Maxima On Android really wasn’t designed, either to allow interactive rotation of 3D Plots, or, to allow animated, 3D Plots. But let us put ourselves in the position that it is the chosen Computer Algebra System, and that the user wants ‘interactive 3D Plots’.
What Maxima On Android has to offer natively, is a 3D Plot, but displayed from a static perspective. In fact, I’ve read that the way it works is, that Maxima On Android plots to a PNG File, and then displays the PNG File in a secondary window, from which the user may switch back to the CAS window / worksheet.
Various efforts I’ve made have failed, to get the viewing window for the plots to animate. One possible reason could be, the possibility that Maxima On Android actually waits, until the entire worksheet has finished executing, before allowing the viewing window to be opened. Repeated, iterative plotting locks up the app, until the loop has finished, at which point, at best, the last version of the plot can be viewed.
The following was the best that I could do, to get this port of Maxima to plot interactively:
i: 0$ Frame():= block ( plot3d(sin(%pi*(x+(i/4)))*cos(%pi*y), [x, -1, 1], [y, -1, 1]), i: i + 1 )$ Frame()$
This Maxima Batch File / Script requires some participation by the user, to work. The user may Load it from within the Maxima On Android GUI, after which the first iteration of the plot will display. After that, the user needs to tap on the ‘Back’ arrow, to get back to the worksheet. Then, tapping on the last ‘Frame()’ command, will cause it to display in the command field. Then, tapping ‘Enter’ will cause the next iteration of the plot to appear.
From the second point on, in the process, that the user has tapped on the ‘Back’ arrow, the command ‘Frame()’ should still be in the command field. Therefore, ‘Enter’ can just be tapped again, and the process repeated as often as desired.
(Updated 7/05/2020, 10h50… )
(As of 7/05/2020, 8h15: )
The user should not be worried, that the only way to animate a ‘Maxima On Android’, 3D Plot, would be, ‘to cause wavy motion to take place’.
The purpose of animating the plot was, to compensate for the fact that natively, the interactive rotation of a 3D Plot was not supported. This makes a 3D Plot incomplete, because any one viewing angle, only results in one, 2D view of the same plot. The ability to rotate it should actually be seen as a necessity and not a luxury, because, depending on how complex an eventual plot really is, being able to get multiple viewing angles could be the only way to comprehend it.
However, the reader should also know, that to rotate plots easily, actually requires the ‘draw’ package, which, unlike the ‘plot3d()’ function, needs to be loaded, before it can be used. Thus, the following Script does work, according to my own, recent verification, on a Samsung Galaxy Tab S6:
load(draw)$ explObj: explicit(sin(%pi*x)*cos(%pi*y), x, -1, 1, y, -1, 1)$ f: 30$ Frame() := block ( draw3d( enhanced3d=true,surface_hide=true,colorbox=false, view = [60, f], explObj ), f: f + 30 )$ Frame()$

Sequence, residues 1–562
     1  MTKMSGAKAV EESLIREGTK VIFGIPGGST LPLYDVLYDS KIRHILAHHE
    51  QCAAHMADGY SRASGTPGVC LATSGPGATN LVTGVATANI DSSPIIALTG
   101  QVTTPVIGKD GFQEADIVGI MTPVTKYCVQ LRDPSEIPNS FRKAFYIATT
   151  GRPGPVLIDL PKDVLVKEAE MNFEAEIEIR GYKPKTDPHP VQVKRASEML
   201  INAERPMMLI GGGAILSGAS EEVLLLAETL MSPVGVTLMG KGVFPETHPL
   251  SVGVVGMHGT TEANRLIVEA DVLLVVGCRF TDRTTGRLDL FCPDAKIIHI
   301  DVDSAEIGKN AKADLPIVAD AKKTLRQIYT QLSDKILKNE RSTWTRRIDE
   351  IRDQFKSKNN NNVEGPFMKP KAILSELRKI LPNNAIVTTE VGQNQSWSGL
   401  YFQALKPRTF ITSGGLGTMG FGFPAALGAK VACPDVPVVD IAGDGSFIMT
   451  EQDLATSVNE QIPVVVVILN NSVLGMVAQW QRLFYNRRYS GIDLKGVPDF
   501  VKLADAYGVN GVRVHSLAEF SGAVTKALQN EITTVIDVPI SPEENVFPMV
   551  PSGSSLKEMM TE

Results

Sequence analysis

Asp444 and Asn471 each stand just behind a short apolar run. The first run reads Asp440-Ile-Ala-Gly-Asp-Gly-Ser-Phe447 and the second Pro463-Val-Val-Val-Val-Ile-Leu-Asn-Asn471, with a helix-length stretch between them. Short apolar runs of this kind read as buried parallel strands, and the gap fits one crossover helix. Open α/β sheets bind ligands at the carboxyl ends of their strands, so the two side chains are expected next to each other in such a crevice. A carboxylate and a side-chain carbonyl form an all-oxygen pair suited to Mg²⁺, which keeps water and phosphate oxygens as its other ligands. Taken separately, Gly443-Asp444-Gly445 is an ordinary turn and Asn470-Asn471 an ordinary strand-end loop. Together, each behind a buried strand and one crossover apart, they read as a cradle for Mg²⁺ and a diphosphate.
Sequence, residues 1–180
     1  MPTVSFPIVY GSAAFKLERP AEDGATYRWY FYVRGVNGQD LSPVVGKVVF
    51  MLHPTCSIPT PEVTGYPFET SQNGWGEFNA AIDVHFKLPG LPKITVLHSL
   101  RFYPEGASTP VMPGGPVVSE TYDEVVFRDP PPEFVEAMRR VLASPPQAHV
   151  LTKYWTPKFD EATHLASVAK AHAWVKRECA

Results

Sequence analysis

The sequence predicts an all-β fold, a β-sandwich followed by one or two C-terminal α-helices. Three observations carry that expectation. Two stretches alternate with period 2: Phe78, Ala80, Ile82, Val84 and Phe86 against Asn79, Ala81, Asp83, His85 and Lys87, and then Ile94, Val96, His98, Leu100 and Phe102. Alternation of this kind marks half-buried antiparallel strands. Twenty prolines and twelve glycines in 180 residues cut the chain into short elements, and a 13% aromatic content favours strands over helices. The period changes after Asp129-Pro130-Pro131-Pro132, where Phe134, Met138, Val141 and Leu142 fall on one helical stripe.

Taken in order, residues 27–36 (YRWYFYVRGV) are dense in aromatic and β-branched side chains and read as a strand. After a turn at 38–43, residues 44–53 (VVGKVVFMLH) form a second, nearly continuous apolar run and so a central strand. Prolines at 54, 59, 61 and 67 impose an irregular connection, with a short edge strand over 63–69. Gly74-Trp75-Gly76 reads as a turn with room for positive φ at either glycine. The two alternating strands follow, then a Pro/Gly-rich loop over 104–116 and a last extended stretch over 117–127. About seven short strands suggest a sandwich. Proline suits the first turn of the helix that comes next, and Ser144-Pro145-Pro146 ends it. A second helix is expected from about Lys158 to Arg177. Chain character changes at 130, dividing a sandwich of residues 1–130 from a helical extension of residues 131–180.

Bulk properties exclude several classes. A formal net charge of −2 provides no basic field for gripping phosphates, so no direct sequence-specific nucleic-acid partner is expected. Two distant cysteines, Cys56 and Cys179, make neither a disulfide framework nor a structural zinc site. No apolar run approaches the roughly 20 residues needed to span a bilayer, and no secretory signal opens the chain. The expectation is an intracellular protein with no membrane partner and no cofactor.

This script is meant to be used exactly like my previous script above, except that, unlike the previous script, this one rotates the viewing angle around the Z-axis.
The parameter which accomplishes this is the:
view = [60, f]
Assignment. It takes a list of two values, which are in degrees. The first is the angle of rotation about the X-axis, from 0 to 180, and the second is the angle of rotation around the Z-axis, from 0 to 360.
In order to visualize what the direction of this viewing angle is better, I’d offer the explanation that, even though the object being viewed above is rotating ‘clockwise around the Z-axis’, the actual viewing angle, from which it’s being depicted, has two, advancing, counter-clockwise values, both facing the origin, but the first ‘vertically down’, and the second, ‘horizontally to the right’. Rotating the view to the right in this way, actually rotates what the user sees to the left. It’s as if the ‘view’ was a camera angle.
Actually rotating the plot in this way, comes closer to compensating for the initial inability to do so, than it did, ‘just to make the waves move’.
(Update 7/05/2020, 10h50: )
One fact which I should acknowledge is, that while I may like the colour-coded surface that the second script generates, not everybody will. The reason this happens is not the fact that ‘draw3d()’ has replaced ‘plot3d()’, but rather, that the parameters have been set, ‘
enhanced3d=true,surface_hide=true‘. What, exactly, ‘enhanced3d’ does, which was not available with ‘plot3d()’, is documented Here. Its behaviour is modified by the parameter ‘palette’. By default, this option can be left out, and a wireframe view will result. Whether ‘
surface_hide=true‘ should be set, remains a separate question.
This feature has been implemented exactly as it would be, with standard versions of Maxima, and is meant to give maximum flexibility to the user, in how he or she wants 3D surfaces highlighted. The function that chooses the colours, can be customized, as well as how the range of colours results from this numerical function (hence, the palette).
colorbox=false‘ was entirely my choice. By default, if ‘enhanced3d’ is enabled, the ‘colorbox’ parameter would be true, and would display a range of colours next to the actual plot, according to whatever palette has been chosen… While I find that the ‘colorbox’ is good for static, 3D Plots, I don’t feel the same when it comes to any sort of animation.